ActiveATX

Jun 28

Cory Morrow & Django Walker 5k Fun Run and Walk

 

Please note, you may still enjoy the concert if you do not run the 5k. You must still purchase a ticket though. All children under 12 are FREE!.

When: July 5th. 5K at 8:30am
Concert and Rudy’s BBQ begin at 6pm

Where: Lake Cliff Country Club.

What: 5k fun run and walk plus an evening of Rudy’s BBQ and concert by Cory Morrow, Django Walker and John Arthur Martinez (BBQ and concert begin at 6pm at Lake Cliff Country Club

Cost: Only $35. That’s right–$35 (Free for children under 12) gets you a 5k run, free Rudy’s BBQ and a ticket to see Cory, Django and John live in concert! Hell, even if you hate running, it’s worth it to see these guys play.

Tickets: http://www.eventbrite.com/event/7235165575


Permanent link to this article: http://www.activeatx.com/2013/06/cory-morrow-django-walker-5k-fun-run-and-walk/

Feb 28

Congruence

Congruence

By Elizabeth O’Brien

 

One of our main objectives as human beings is to reach a state of well-being—a state in which we are deeply comfortable in our own skin. To do this, we must become more fully congruent. What does this mean? 

Being congruent means embracing our true self and projecting it into the world. When what we are feeling on the inside—emotionally, psychologically, spiritually—does not match what we are projecting on the outside, we are in an incongruent state. When we are incongruent, there is a “disconnect” in our sense of self. We are operating from a false self, a persona that does not truly represent who we are. 

This is not a natural, healthy way of being. When we adapt too much to those around us, taking on their belief systems and behaviors—trying to be the person others expect us to be—we betray ourselves. Inevitably, we become conflicted and confused, and this ultimately leads to depression and anxiety. Depression and anxiety, in turn, can lead to a dysfunctional cycle of anger, frustration, procrastination, addiction, toxic relationships, unhappy careers and disappointing, unfulfilled lives.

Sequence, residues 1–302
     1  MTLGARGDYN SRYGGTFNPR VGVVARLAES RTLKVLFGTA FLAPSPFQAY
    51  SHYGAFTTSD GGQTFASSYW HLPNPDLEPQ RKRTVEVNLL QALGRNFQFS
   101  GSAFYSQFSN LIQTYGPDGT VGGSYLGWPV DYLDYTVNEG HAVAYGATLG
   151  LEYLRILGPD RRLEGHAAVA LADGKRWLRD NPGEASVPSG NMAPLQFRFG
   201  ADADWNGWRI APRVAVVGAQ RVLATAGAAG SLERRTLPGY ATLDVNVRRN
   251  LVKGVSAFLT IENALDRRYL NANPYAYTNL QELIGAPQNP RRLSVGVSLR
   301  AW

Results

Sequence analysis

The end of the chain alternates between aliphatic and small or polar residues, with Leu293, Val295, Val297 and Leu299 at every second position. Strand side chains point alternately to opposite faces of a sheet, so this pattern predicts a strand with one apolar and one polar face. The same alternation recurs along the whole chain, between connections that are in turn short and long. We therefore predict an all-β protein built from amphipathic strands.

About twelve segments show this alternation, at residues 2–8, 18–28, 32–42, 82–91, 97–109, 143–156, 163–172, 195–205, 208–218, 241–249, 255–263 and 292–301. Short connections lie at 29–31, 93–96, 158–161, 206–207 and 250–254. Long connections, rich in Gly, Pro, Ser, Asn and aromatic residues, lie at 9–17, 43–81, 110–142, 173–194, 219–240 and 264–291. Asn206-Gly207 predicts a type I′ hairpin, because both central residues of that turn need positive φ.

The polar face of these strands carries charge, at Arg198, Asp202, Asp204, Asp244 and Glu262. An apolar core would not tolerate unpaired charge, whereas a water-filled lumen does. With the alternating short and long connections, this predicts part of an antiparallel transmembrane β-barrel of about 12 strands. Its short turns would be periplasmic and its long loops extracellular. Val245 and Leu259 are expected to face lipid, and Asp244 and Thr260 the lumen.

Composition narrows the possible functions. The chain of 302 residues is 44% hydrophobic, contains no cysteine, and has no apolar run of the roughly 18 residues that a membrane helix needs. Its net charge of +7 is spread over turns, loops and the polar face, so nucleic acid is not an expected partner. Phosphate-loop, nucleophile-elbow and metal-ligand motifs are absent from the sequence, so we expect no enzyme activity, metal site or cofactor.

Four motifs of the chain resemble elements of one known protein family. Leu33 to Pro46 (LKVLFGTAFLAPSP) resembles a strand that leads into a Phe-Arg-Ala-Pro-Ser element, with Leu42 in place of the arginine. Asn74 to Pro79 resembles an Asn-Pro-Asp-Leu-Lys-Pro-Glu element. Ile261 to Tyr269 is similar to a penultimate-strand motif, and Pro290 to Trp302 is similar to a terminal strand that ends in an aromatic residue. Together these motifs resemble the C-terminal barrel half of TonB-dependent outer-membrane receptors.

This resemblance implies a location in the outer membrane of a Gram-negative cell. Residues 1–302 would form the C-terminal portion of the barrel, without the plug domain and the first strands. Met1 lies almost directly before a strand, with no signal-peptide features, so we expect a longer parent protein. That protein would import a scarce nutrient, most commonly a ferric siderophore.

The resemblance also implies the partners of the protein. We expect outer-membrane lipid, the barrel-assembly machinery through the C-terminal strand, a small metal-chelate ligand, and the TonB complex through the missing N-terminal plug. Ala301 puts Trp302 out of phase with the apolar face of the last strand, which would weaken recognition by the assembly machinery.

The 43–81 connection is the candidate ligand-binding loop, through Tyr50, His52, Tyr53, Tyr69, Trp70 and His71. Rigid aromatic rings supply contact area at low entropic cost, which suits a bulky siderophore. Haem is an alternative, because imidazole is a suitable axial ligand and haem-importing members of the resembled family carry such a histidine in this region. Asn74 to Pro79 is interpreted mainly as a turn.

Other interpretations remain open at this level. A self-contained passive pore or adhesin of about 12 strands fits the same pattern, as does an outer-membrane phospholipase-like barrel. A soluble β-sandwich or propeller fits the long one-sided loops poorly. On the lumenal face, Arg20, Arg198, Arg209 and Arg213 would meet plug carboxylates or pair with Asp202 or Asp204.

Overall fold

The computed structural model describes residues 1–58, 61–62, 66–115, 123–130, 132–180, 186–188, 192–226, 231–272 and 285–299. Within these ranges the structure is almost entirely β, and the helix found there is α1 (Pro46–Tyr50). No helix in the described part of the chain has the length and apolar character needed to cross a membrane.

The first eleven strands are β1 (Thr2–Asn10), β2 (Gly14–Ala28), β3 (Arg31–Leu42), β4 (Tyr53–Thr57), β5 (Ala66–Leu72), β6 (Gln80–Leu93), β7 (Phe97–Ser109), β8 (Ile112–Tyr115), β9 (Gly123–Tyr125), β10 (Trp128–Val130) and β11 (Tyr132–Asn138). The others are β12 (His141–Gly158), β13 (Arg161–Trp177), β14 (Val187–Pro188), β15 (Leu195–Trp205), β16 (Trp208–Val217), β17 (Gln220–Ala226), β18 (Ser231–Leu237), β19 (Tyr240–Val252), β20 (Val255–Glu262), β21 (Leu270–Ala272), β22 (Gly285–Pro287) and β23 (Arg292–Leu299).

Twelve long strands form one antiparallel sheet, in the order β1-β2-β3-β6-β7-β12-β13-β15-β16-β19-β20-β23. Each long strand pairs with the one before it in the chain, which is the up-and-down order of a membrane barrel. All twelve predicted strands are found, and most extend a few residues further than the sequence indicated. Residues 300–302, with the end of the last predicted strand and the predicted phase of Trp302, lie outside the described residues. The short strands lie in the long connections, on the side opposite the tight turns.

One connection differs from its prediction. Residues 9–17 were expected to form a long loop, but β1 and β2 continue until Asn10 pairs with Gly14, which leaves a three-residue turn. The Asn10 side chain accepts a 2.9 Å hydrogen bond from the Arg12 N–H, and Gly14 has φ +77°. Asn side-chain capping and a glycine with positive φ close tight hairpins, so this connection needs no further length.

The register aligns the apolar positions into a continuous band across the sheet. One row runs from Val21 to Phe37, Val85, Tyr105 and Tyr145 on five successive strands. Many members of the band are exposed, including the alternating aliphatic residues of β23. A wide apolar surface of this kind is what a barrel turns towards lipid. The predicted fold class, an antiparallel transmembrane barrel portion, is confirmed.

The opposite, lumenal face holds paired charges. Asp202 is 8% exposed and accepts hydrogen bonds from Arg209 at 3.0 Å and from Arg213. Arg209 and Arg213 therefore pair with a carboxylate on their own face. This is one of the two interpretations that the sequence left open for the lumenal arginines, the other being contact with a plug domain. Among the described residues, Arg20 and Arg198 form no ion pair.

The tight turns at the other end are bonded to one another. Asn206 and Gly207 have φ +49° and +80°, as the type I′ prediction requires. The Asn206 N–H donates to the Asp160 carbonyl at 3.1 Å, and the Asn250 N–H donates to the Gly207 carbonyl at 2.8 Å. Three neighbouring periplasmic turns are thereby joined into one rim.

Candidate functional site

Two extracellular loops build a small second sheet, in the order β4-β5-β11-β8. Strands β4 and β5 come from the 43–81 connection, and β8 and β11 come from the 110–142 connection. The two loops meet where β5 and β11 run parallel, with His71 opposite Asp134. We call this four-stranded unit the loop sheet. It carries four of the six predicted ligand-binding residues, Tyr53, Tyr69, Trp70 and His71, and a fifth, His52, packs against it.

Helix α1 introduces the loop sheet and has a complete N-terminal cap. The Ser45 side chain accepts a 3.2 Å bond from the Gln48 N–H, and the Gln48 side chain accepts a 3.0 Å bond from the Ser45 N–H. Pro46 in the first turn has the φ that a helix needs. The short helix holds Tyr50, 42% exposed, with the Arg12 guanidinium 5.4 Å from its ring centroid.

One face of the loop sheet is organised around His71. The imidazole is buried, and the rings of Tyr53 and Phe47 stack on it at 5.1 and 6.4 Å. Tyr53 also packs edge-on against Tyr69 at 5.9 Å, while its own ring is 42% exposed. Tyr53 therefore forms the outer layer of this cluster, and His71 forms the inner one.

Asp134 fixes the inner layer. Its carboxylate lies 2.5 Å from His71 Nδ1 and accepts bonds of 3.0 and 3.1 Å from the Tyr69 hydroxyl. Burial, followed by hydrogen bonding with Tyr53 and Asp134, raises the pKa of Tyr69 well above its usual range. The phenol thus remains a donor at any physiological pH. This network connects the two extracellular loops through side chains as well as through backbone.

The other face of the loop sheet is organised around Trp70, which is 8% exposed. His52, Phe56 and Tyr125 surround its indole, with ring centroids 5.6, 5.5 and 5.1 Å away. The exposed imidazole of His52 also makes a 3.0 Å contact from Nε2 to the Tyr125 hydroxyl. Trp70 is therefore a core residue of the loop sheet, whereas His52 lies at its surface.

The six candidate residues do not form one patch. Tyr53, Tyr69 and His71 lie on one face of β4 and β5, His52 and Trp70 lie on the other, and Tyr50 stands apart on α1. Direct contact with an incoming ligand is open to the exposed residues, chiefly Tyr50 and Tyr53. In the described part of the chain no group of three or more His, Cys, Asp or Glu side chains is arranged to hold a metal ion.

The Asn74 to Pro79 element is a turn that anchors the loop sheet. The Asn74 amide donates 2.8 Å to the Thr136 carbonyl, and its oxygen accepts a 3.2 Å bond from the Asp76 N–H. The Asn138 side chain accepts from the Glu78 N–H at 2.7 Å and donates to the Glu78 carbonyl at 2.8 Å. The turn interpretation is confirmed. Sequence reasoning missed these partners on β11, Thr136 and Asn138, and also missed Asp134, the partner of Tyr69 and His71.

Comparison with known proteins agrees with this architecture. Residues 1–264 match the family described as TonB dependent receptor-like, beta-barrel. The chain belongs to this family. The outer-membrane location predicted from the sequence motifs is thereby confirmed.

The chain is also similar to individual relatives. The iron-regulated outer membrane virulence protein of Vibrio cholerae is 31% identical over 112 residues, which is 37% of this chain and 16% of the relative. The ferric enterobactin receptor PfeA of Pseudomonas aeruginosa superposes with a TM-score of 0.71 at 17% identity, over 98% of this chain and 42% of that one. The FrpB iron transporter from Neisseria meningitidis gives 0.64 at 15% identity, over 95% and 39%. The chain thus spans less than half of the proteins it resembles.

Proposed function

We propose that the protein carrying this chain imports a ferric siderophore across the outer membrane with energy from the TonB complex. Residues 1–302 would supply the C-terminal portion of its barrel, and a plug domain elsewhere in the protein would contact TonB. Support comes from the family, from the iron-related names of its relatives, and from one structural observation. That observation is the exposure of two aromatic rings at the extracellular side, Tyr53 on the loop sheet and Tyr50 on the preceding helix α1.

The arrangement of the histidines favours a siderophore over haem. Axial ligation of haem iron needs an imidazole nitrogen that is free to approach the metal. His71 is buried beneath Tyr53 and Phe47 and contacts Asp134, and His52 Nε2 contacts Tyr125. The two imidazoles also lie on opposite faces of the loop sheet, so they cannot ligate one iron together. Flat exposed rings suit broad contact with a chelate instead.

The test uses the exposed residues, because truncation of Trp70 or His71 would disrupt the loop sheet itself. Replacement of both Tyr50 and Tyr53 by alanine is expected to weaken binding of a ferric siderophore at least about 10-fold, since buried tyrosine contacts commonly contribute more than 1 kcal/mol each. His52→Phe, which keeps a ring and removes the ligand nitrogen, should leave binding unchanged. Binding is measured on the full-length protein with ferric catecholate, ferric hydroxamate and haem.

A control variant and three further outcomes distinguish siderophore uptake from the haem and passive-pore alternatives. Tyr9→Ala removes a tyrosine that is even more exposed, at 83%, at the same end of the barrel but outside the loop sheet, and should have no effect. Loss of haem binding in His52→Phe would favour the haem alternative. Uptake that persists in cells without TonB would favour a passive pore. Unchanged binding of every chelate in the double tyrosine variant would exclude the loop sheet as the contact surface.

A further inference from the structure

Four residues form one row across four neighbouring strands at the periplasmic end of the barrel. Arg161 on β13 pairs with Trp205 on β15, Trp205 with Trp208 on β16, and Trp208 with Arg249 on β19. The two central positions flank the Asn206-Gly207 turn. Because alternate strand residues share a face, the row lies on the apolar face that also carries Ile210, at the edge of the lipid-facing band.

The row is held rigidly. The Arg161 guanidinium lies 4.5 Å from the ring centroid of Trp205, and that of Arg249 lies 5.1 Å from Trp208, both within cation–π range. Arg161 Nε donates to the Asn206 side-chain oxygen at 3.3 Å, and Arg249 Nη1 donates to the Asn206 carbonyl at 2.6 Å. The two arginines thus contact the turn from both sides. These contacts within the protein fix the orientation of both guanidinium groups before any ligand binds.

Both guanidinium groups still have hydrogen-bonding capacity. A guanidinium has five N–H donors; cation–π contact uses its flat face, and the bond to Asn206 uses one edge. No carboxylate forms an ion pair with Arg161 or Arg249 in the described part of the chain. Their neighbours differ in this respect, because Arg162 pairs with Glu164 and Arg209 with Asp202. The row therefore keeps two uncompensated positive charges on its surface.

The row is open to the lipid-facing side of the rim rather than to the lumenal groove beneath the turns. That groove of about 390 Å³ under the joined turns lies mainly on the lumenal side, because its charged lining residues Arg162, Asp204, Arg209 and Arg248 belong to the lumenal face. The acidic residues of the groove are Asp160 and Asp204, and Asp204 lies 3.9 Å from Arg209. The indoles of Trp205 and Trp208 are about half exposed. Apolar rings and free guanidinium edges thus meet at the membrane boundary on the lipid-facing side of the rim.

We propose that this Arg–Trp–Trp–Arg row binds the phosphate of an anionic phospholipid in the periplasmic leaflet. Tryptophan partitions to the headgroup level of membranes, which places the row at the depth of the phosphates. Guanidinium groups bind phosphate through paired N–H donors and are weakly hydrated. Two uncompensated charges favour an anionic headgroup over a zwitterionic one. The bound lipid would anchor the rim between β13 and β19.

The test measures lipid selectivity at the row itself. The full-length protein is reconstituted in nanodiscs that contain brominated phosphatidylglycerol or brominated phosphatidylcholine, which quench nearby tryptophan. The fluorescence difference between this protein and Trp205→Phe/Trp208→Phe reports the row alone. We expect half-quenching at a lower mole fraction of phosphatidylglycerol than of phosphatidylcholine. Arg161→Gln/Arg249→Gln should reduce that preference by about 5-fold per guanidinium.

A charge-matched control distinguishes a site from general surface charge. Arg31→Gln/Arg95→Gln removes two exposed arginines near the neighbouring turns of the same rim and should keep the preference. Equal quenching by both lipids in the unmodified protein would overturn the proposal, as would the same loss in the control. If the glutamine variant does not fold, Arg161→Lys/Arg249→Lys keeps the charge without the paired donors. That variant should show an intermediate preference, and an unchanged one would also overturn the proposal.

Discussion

Surrounding ourselves with people we like and admire, who are reciprocal in relationships and who are striving to “self-actualize,” is key. Choosing work and play that suit our talents, strengths and natural inclinations is another way to become more congruent. Finally, working to transcend our demons—our self-defeating thoughts and behaviors—is another.

Admittedly, all of us must at times conform to certain norms and rules of professional and social etiquette, depending upon the situation. We have a professional persona and a social persona. We also have a more intimate persona. And then we have our deepest, vulnerable self whom no one, except perhaps our families or closest loved ones, sees. 

The goal should be working toward an integration of self that incorporates our true self into those other required “adaptations” of self—adaptations that are genuine but scaled-back, less exposed versions of ourselves.


Permanent link to this article: http://www.activeatx.com/2013/02/congruence/

Jan 27

New Years Resolution

Last summer I stood in a green bikini on a warm beach and stared at a spit of across the water, just before the horizon.  The island across the channel looked beautiful to me.  White sand, a few palm trees.  Behind me, toxins rose from melting plastic over open fires.  Sounds of a cock-fight, a baby cried, I heard the rough bark of a disturbed mutt. The water looked more inviting, the distant island: Utopia.  I pulled my snorkel mask over my eyes and waded into the water.  Feet, ankles, knees, and then a dive.  I swam.

 

The shallow turquoise turned to teal, turned to olive, turned to murk.  Kelp gave way to coral to farther from the shore I swam.  And I, with my mask, swam until I could only make out vague shapes on the bottom. Here, I stopped and lifted my head from the water.  I felt tired, and I thought, I must be close to that next island.  I looked towards the horizon. Utopia looked hardly any closer than when I had first stepped into the ocean.  A tinge of dread wriggled through my body. I felt the current and the splash of the waves against my arms. I turned towards the melted plastic and the discontented dogs.  The next island appeared in the distance as a shimmery beach lifted out of the ocean by blue-green chop. The distance was further than I had thought. 

 

I treaded water between the two islands were in the middle of the Pacific Ocean. My body tossed like nothing by currents that I could not see. I cried out. I yelled.  I raised my arms and kicked my legs and screamed, but no one could hear me.

 

Sink, or swim, but the only way to my Utopia was stroke by stroke.